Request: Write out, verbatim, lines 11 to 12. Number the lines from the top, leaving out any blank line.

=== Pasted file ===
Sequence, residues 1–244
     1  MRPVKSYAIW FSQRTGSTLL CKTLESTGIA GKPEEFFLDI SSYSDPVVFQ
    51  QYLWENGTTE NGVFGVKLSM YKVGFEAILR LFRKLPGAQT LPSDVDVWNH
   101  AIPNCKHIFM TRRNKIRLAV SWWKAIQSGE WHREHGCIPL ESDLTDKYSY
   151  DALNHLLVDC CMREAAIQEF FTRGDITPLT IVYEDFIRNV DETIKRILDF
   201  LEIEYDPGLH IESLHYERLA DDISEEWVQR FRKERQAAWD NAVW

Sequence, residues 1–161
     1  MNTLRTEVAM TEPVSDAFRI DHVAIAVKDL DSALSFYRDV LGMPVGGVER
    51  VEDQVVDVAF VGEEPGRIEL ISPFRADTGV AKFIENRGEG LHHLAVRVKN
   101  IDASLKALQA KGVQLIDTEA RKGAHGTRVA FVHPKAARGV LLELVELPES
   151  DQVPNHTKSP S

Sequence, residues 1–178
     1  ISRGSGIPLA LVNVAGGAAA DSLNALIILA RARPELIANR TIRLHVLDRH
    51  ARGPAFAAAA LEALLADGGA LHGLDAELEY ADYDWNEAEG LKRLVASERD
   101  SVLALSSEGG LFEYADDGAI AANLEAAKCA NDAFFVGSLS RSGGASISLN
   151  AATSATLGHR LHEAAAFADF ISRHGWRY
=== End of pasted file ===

   151  DQVPNHTKSP S

Sequence, residues 1–178